Property taxes set to go up for hundreds of thousands of water users in the Salt Lake Valley

Large conservancy district says the extra money is needed to upgrade facilities to meet growing demand.

(Trent Nelson | The Salt Lake Tribune) New construction in South Jordan in May. The Jordan Valley Water Conservancy District proposes a property tax increase to upgrade water facilities to keep pace with growth.

Expanding demand from a growing population means water users in the Jordan Valley Water Conservancy District soon could be paying more in property taxes.

The water provider — which supplies 17 member agencies in a service area (primarily in the southwestern Salt Lake Valley) with a population of about 800,000 — wants to bump up its fiscal 2022 property tax rate by nearly 8%.

“As it turns out,” water district boss Bart Forsyth said, “some of the largest infrastructure that we have in our system providing water to a growing population is now at capacity.”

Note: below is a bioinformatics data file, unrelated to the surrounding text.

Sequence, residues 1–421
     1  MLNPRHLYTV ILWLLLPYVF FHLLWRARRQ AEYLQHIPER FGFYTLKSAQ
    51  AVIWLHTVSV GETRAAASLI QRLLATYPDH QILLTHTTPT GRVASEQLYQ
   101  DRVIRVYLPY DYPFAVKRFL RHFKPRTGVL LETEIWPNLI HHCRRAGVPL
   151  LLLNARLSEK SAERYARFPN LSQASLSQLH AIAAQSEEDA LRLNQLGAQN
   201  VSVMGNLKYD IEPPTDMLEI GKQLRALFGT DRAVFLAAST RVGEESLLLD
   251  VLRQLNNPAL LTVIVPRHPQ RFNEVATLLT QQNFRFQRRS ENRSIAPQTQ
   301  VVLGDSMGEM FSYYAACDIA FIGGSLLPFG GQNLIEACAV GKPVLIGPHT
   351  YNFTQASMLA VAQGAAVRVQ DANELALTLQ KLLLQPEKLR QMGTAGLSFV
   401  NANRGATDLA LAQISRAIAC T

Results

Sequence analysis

The Jordan Valley Water Treatment Plant, the largest treatment facility in the state, runs at capacity in the summer, when demand for water peaks.

“And in order to meet the water needs of the growing population,” Forsyth said, “we need to expand that plant significantly to provide for that growth.”

While the jump might look significant on paper, most property owners are unlikely to feel the increase. The annual property tax bill from the water district will rise by $7 on a home worth $550,000. The hike is projected to drive up annual revenue by about $1.7 million.

The extra money will help support the district’s ability to make debt payments and invest in capital projects.

On top of treatment facility upgrades and expansion, the district wants to construct new wells and build two new tanks to store drinking water for growth in places like West Jordan, South Jordan, Riverton and Herriman.

District spokesperson Linda Townes Cook said Jordan Valley has been able to defer expansion of the treatment plant by years because new water sources have come on line and Utahns have cut back their consumption.

She encouraged residents to continue conservation efforts by voluntarily curbing water use by 10% and limiting watering to two days a week.

Residents will be able to weigh in on the proposed property tax increase at an Aug. 10 public hearing, when the board of trustees is scheduled to consider adopting the new rate.